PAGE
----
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Air Pollution - Reduce the Choking

January 30, 2017

 

Air pollution in Hong Kong is one of the biggest issues facing the city. When we breathe in dirty air, the air pollution dives deep into our lungs, significantly increasing the likelihood of damage to the respiratory tract. A publication by Physicians for Social Responsibility explains that [a]ir pollution exposure can trigger new cases of asthma, exacerbate (worsen) a previously-existing respiratory illness, and provoke development or progression of chronic illnesses including lung cancer, chronic obstructive pulmonary disease, and emphysema. Air pollutants also significantly harm lung development, creating an additional risk factor for developing lung diseases later in life.” To make matters worse, the air pollution dosage during exercise is much higher than during “rest” because of a higher ventilatory rate and both nasal and oral breathing (breathing only through your nose gives added filtration).  However, without exercise, our bodies will turn frail.

 

What happens physiologically when you breathe polluted air? Let’s start with how your lungs actually work: when you breathe, air travels into your lungs to little sacks that deliver oxygen to your blood stream. In healthy lungs, air moves freely. When you breathe polluted air, “dust” particles can clog the passageway and make your lungs less efficient. This will have a direct impact on your performance both inside and outside of the gym.

 

When living in a city with air quality below “healthy” levels leaves little room for action. But, there are things you can do. First, get a home air purification system. The best is a device called the IQAir, which was used by athletes during the Beijing 2008 Olympic Games. The models are not cheap, however, and if that’s a major concern brands such as Alen offer similar benefits to IQAir at half of the price or you can read the Best Air Purifiers 2016 to see which is right for you.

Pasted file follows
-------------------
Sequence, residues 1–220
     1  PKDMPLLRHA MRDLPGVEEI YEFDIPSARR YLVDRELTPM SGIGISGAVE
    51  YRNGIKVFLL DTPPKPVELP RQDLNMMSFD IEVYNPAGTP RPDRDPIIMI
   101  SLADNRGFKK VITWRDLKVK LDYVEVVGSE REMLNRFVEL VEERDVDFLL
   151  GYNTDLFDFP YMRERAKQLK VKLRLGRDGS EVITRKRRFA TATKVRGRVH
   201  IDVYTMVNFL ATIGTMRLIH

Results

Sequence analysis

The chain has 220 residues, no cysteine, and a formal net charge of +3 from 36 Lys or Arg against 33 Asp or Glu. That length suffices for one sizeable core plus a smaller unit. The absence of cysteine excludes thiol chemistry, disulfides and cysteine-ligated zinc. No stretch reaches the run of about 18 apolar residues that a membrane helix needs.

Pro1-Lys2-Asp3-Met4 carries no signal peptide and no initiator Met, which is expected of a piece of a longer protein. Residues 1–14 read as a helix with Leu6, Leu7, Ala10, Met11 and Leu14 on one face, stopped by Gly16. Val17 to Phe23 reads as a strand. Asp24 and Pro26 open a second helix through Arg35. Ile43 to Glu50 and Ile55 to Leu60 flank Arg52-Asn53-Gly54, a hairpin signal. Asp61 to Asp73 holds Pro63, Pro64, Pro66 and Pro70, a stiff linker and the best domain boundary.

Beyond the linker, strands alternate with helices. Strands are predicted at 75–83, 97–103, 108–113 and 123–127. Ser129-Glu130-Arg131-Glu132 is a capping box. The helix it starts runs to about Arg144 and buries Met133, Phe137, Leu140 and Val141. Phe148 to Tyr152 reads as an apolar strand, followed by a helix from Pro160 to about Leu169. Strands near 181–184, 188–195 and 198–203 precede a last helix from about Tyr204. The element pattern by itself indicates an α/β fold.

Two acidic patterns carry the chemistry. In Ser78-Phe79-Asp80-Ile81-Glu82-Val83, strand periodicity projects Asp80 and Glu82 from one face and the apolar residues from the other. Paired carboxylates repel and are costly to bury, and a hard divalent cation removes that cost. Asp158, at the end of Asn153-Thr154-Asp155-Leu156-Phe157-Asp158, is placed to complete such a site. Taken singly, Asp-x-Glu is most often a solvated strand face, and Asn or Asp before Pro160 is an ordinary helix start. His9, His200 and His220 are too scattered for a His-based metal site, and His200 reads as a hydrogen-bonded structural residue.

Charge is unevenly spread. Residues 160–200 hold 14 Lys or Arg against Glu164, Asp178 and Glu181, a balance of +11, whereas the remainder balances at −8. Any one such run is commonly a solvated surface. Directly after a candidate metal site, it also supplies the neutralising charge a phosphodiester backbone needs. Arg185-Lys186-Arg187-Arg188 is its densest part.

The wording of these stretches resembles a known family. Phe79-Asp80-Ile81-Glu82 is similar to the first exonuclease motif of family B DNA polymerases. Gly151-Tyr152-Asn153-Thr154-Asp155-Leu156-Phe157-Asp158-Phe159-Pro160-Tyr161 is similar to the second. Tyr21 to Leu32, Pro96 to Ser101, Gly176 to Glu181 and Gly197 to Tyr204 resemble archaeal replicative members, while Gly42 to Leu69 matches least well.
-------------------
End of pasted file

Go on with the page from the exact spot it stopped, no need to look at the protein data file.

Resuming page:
The next action you can take (for exceptionally less money) is to increase your intake of vitamin E and other antioxidants. A new study from King's College London and the University of Nottingham has found an association between the amount of vitamin E in the body, exposure to particulate pollution and lung function. The paper adds to growing evidence from previous studies suggesting that some vitamins may play a role in helping to protect the lungs from air pollution. Vitamin E can be found in foods such as avocado and spinach, almonds, olives, and kale. Dr. Michael Colgan of the Colgan Institute, consultant for countless Olympic-level athletes, comments that vitamin E, along with other antioxidants may help to reduce the inflammation in the lungs caused by air pollution (Dr. Michael Colgan, Optimum Sports Nutrition © 1993, p.62-63). Other ways to protect yourself include exercising early in the morning before air pollution levels rise.

 

The takeaway is that although we live in a polluted city, there are both mechanical and chemical ways to help reduce the effects to our performance and longevity.

 

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